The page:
Making Clear What’s Really Important
Paul felt his staff’s productivity was being hampered by constant disruptions from other staff members. So he made it a standing agenda item at his weekly staff meetings to remind everyone to consider the impact on the other person before interrupting. Was the issue urgent enough to justify the disruption? He offered tips each week, like collecting non-urgent disruptions and handling them all at once instead of interrupting for each one; or using email instead of text messages if an immediate response wasn’t necessary.
After a couple of months, Paul was frustrated that he wasn’t seeing much change.
When he realized he wasn’t getting as much buy-in as he expected, he decided to try another approach. In addition to periodic reminders at staff meetings, every day he looked for opportunities to reinforce the behavior he wanted. When he ran into Cindy at the water cooler he asked her if she had heard back from the supply vendor yet. He added, “I was wondering about that this morning but decide to wait until I ran into you to ask so I didn’t disrupt your work.” That afternoon he sent Aaron an email with a list of three issues he wanted to follow up on – Aaron recognized that in the past Paul would have asked about each of those issues as they arose. The next day he thanked Sue for catching him in the hall with a question instead of interrupting him with it.
When the issue was never mentioned except in staff meeting, the staff mentally filed the issue in the category of things we’re supposed to do. And they only thought about it every week during staff meeting. When the issue was raised in informal encounters, it was mentally filed in the higher priority category of things that are important to Paul.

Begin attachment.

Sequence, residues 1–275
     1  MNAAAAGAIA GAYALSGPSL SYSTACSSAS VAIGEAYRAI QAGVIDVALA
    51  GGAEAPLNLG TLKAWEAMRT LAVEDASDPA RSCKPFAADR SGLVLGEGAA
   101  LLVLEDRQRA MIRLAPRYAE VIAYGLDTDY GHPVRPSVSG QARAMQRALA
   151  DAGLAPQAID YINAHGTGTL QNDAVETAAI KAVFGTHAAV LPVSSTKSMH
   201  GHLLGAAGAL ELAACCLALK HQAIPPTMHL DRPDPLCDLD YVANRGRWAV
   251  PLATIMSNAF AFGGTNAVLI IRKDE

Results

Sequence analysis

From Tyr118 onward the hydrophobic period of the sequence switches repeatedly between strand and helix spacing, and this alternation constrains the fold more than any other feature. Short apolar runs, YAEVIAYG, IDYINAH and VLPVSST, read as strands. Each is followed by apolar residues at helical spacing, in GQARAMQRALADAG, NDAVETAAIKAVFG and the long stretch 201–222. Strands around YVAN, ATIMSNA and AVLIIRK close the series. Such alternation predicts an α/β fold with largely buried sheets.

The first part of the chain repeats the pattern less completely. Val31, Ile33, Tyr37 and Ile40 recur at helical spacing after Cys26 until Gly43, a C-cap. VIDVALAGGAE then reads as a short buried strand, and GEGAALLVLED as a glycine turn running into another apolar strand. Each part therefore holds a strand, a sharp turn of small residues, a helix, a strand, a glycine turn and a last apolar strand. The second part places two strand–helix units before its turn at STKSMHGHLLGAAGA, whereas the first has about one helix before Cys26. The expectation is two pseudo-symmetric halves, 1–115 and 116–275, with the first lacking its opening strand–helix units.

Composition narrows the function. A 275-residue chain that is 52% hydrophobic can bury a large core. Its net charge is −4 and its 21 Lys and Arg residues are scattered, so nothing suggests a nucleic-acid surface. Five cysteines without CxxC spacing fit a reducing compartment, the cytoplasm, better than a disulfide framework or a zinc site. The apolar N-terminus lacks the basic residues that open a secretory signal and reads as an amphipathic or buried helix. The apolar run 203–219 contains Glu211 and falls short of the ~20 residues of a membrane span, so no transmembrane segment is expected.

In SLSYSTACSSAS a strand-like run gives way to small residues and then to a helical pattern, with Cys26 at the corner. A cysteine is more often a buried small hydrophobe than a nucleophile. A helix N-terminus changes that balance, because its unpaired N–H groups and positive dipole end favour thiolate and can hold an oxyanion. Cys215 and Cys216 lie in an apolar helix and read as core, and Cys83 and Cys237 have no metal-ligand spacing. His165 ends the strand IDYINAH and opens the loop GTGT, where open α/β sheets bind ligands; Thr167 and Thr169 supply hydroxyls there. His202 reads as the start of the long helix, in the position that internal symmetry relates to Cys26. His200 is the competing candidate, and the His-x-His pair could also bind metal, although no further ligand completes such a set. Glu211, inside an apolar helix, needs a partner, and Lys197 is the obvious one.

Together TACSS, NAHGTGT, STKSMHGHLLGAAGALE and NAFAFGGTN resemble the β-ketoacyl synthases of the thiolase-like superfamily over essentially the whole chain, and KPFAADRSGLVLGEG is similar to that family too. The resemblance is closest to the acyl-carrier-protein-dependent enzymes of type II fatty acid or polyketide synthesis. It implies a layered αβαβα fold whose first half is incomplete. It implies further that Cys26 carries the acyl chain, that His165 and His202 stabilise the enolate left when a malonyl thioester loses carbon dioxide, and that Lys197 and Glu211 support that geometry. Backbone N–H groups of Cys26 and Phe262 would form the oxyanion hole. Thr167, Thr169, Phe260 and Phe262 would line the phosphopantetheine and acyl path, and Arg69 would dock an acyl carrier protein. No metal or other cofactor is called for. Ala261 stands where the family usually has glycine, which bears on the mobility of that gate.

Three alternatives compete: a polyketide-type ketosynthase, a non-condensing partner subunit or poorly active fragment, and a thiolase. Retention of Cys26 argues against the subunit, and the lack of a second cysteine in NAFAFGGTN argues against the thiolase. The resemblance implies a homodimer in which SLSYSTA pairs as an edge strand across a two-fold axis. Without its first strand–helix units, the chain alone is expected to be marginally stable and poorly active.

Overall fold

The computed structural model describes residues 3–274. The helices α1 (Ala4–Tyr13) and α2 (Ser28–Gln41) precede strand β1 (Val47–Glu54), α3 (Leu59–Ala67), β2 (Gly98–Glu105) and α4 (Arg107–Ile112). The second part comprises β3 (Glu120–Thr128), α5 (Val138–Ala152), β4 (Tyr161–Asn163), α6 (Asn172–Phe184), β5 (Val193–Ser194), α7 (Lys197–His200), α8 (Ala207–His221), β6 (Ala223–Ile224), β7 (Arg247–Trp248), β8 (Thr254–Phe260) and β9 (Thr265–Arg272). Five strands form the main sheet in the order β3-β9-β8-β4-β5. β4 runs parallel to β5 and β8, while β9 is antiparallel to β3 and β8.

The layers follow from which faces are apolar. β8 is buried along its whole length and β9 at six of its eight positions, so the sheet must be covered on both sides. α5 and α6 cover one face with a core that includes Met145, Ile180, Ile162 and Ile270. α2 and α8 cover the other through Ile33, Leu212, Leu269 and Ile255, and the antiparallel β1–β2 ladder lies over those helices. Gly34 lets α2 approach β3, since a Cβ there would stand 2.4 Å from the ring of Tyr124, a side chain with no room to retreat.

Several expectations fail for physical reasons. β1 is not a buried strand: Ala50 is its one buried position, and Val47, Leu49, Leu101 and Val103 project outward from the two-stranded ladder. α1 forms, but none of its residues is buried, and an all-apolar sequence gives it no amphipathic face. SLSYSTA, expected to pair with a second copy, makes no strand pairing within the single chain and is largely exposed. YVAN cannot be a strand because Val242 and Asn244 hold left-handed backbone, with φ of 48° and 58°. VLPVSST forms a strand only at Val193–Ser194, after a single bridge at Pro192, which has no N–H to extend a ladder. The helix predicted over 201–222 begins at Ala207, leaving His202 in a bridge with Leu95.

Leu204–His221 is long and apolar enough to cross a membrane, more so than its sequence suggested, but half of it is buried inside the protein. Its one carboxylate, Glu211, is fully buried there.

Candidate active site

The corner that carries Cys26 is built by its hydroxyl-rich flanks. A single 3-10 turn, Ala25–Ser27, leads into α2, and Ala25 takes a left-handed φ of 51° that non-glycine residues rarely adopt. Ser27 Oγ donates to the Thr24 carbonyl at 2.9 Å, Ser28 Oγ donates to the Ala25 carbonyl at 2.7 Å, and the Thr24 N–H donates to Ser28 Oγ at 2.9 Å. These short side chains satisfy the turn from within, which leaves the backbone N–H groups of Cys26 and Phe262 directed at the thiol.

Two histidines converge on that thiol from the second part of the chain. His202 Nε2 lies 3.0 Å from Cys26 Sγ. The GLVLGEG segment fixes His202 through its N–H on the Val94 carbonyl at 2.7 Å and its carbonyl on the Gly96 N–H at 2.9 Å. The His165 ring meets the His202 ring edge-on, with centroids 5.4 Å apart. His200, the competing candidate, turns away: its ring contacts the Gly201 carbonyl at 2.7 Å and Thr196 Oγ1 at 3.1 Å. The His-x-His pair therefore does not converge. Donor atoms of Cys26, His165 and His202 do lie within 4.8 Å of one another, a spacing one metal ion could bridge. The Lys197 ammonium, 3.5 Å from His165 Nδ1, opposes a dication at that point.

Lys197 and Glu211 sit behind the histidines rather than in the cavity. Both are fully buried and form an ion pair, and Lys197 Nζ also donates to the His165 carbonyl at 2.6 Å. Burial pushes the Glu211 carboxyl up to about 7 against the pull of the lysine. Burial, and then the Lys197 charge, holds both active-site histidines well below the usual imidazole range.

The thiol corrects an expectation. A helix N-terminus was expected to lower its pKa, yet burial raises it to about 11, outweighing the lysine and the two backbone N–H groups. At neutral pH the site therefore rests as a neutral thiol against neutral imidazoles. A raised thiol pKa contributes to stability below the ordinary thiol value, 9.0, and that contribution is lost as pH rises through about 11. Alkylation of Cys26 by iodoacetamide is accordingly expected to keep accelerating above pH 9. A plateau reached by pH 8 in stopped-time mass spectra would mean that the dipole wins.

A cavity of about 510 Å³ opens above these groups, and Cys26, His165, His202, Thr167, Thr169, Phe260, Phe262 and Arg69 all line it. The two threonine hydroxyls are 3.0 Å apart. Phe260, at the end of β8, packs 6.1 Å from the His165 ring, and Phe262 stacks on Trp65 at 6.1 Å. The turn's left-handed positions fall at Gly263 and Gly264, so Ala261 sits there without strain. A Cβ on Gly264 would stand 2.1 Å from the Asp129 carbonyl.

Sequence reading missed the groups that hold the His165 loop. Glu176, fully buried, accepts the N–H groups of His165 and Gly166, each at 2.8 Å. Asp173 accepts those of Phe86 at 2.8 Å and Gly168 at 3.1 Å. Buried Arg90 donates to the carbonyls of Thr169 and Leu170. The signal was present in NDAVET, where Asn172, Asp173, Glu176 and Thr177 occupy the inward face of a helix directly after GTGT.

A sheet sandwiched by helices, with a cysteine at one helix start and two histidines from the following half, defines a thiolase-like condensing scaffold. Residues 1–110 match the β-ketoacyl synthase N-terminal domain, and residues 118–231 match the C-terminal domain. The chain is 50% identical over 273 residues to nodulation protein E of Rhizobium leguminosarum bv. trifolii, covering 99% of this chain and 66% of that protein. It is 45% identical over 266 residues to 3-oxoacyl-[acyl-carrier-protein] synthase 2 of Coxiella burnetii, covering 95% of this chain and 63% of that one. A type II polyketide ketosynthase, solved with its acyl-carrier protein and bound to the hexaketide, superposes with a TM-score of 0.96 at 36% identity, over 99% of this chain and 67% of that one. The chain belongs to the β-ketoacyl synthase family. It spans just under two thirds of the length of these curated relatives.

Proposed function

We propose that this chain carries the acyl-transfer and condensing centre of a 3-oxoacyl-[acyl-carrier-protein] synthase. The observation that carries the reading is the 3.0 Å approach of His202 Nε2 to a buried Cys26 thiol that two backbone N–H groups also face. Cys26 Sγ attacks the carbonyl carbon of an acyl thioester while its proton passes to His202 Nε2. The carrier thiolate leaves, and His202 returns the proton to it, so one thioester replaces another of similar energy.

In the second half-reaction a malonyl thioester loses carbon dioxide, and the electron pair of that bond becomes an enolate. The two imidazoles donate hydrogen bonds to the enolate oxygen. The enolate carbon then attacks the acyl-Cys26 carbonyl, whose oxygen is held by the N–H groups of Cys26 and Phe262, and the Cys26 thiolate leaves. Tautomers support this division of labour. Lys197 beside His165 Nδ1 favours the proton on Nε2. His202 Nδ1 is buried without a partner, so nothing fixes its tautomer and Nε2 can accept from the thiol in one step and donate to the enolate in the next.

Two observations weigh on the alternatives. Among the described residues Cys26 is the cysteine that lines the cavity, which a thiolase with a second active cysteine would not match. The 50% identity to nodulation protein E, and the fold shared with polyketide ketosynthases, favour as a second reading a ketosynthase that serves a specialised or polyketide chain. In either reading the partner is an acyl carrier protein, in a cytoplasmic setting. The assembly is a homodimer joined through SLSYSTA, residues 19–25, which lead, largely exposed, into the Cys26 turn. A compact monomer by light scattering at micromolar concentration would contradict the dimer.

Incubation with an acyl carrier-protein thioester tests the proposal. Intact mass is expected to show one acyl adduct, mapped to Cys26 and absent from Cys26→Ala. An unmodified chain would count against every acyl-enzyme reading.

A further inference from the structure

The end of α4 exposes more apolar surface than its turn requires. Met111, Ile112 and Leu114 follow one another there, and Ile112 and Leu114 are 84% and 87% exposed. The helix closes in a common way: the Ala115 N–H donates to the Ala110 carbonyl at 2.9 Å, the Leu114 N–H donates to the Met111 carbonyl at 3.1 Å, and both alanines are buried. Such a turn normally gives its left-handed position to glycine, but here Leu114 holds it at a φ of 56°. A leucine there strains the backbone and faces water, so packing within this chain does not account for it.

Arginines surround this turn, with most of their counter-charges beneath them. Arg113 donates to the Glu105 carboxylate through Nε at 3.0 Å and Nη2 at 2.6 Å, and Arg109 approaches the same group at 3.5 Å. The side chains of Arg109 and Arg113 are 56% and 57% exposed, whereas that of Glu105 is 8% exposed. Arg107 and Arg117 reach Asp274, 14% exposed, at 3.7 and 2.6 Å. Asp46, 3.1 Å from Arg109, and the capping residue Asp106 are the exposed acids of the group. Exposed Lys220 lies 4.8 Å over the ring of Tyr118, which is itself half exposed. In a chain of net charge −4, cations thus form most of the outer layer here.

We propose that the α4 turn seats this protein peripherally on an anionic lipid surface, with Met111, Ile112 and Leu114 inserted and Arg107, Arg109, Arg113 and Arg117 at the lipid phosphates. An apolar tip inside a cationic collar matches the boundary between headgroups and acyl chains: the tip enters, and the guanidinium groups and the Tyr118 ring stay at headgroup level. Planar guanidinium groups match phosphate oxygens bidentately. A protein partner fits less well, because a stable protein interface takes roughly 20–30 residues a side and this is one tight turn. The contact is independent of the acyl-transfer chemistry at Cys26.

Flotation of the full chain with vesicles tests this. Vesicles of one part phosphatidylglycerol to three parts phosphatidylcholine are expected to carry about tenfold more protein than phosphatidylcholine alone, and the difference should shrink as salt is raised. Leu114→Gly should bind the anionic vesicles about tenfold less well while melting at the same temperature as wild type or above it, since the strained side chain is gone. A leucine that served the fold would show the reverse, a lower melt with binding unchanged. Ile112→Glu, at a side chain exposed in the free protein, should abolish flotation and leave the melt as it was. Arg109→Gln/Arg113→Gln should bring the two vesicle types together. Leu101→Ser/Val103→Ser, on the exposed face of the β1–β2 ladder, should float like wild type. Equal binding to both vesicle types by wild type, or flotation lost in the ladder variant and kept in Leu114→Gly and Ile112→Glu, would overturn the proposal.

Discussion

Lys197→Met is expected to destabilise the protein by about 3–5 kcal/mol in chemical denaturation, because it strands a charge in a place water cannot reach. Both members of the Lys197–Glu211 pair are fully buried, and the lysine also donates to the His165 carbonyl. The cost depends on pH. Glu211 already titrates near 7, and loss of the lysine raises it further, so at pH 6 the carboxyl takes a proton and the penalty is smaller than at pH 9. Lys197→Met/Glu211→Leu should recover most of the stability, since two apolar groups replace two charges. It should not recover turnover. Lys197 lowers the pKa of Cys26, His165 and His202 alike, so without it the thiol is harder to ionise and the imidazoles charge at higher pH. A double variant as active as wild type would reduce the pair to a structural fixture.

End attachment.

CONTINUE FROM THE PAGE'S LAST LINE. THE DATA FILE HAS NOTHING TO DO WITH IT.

Informal, or ad hoc communication sends different messages than formal communication. Not that communicating formally is bad – sometimes it just isn’t enough.
Mentioning an issue on the fly has at least four advantages over agenda items:
- It sends a message that this issue is important enough to the leader that it’s on his/her mind even without looking at the agenda.
- It serves as a reminder, since they probably haven’t thought about it since the meeting.
- It helps them connect the dots between your words and actual, observable, desirable behaviors.
- Mentioning it in a one-on-one encounter makes it clear that the message wasn’t just intended for everyone else.
Informal reinforcement is an important tool for building the culture you want in your organization. It can also speed up and deepen the adoption of policies and implementation of strategies. It might even help get those assignments done that are on everyone’s procrastination list.